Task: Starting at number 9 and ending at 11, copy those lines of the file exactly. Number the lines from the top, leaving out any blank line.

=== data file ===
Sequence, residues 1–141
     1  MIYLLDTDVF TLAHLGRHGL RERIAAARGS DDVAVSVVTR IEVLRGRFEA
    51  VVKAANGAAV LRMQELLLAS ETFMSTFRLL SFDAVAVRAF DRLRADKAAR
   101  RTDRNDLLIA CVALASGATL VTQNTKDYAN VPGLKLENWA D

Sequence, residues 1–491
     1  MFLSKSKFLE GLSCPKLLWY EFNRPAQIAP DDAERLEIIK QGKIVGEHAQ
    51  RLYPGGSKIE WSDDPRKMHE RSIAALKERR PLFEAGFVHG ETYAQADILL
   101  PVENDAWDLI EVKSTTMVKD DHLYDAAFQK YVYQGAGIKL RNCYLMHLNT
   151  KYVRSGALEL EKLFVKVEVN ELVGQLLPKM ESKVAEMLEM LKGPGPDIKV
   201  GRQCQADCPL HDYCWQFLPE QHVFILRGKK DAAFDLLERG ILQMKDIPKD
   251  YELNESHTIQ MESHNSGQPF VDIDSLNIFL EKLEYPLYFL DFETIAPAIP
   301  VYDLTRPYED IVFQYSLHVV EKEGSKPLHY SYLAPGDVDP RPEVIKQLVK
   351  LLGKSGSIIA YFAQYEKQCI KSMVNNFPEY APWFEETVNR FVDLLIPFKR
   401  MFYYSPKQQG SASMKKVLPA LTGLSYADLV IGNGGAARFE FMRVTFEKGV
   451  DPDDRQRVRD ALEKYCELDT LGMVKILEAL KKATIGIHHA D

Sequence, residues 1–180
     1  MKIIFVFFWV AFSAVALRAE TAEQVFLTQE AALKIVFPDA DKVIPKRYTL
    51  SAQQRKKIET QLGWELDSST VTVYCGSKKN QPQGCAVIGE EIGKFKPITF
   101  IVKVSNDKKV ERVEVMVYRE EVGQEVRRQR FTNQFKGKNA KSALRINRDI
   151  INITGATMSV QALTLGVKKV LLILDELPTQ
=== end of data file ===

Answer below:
   151  KYVRSGALEL EKLFVKVEVN ELVGQLLPKM ESKVAEMLEM LKGPGPDIKV
   201  GRQCQADCPL HDYCWQFLPE QHVFILRGKK DAAFDLLERG ILQMKDIPKD
   251  YELNESHTIQ MESHNSGQPF VDIDSLNIFL EKLEYPLYFL DFETIAPAIP